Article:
Once on the highway I quickly passed the remaining farmland and was soon in the woods climbing towards Satus Pass. There were actually 3 summits. You could call the first two false summits but the had a significant downhill, which of course was elevation I would have to do over again. Near one of these summits was a Greek Orthodox monastery with a nice bakery/cafe. I stopped for a pastry and a drink. Vey nice.
Once over the final pass there was a big sign that I was entering the Yakima Nation. I didn't get to meet any of the people but I guess they are doing well. They even issue their own license plates. The only encounter I had was a nice one. I was on a not very busy road when a car behind me slowed down and waited patiently to pass even tough there was plenty of room. When they passed a young Indian woman in the passenger seat waved and gave me a sweet smile.
It was interesting that the inhabitants of most of the towns in the Yakima Indian Nation where of Mexican decent rather than native. This of course is the Yakima Valley, famous for its apples and other crops. I was really hoping to see some small fruit stands and get some cherries but I saw none. I did stop at a wonderful Mexican restaurant in Wapato for some lemonade.
There were no campgrounds and opportunities for stealth camping did not look attractive. I pushed on to Union Gap just south of Yakima. There I found a genuine natural food store that seemed out of place but welcome. It was adjacent to the marijuana dispensary. I stopped and got a cold Knudsen's Recharge which really hit the spot. From there I easily found the Super 8 motel for the night.
The Yakima Greenway Trail, Yakima Canyon and the Iron Horse John Wayne Trail.
The start of the Greenway Trail was very close to the motel I stayed at in Union Gap. There was a detour right at the beginning but it was probably even nicer than the main route. The Yakima River is wide and fast flowing here. I completely skirted Yakima on a nice bike path which ended somewhere near Selah. From there it was a few connecting roads to road 821, a.k.a Canyon Road.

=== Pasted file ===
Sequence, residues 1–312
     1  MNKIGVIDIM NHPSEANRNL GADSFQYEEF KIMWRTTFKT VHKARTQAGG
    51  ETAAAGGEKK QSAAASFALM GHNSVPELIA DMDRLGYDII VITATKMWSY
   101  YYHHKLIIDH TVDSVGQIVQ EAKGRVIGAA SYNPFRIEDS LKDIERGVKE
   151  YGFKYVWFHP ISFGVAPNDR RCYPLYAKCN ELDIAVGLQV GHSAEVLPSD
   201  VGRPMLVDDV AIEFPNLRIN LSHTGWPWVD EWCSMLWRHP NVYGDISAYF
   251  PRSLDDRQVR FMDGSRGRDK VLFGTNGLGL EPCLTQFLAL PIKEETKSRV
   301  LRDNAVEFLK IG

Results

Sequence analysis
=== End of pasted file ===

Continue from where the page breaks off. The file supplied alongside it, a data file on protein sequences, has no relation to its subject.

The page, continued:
Canyon Road should be on every cyclists must ride list. Its closed to trucks which is good as it is narrow without much shoulder. This being a big holiday weekend there were a lot of cars, but everyone was courteous and gave me lots of room. It was a very scenic ride. As to be expected on a road that follows a river up a canyon the road would climb up off the river, and then zoom back down. There were a few steep climbs, but they were pretty short. There were a number of BLM recreation areas that were full up for the weekend. Lots of river rafting and fishing.
As I approached the top of the canyon the mountains came into view. It was a joyful moment to see the mountains again. While it can be beautiful in its own way I'm not that at home in the desert and I was really looking forward to getting back into the forests and mountains.
But first there was the wind. Ellensburg may be one of the world's windiest places and I was riding straight into it. It wasn't far from the end of Canyon Road to the junction of the John Wayne Trail. Although it is called by both names it is officially the John Wayne Trail, which runs through Iron Horse State Park. I was pleased and relieved that the trail was well packed gravel and very ridable with my 2 inch tires. I know further east there is a lot of sand and I wasn't sure about this section. There were some spots with loose gravel but my fat tires just floated right through it. I was really going to enjoy this ride, that is if I wasn't riding into a 25 mph headwind.
The first 10 miles or so was through farmland and fields. The trail parallels I-90 an in some spots was close enough to hear it. I was getting tired and beat up by the wind and started looking for a place to camp. There was not much as the railroad bed is raised up and drops off steeply to either side. Somewhere near Thorpe it crossed a side road by a freeway exit where there was a store. I had a nice ice cream break and met a father and son who were riding mountain bikes from Cle Elum. Must be nice with the wind at your back. A little further up, and still battling the wind I met a woman walking her dog. She pointed ahead to were the trail entered the trees and said I'd be back in the river canyon and the wind would not be as bad. Sure enough the trees offered some shelter. The trail was now on a wider ledge a hundred feet or so above the river. I soon found a decent place to camp for the night that was already getting some shade from the trees and ridge to the south.
The river was wide and very fast here and pretty quiet. The wind however roared all night. I was able to get my tent up during a lull. At first I left the rain fly off but I got up in the night and put it on to better hold the tent down and offer some protection from the wind. Even with the wind I slept quite well. I was dead tired from 2 long days of riding, and finally away from it all and camping in the wild.
Second day on the Iron Horse Trail.
The wind blew hard all night long and kept right on blowing in the morning. I was in no hurry but still got going fairly early. With the fierce wind in my face I could only manage 6 mph. Waited until I reached a picknick table to make my tea. There were 3 or 4 spots in this stretch, one of which had a pit toilet and 3 actual tent sites. I hope to see more of that as I continue. After a while it stated getting colder and there were dark clouds to the west. It even sprinkled a bit.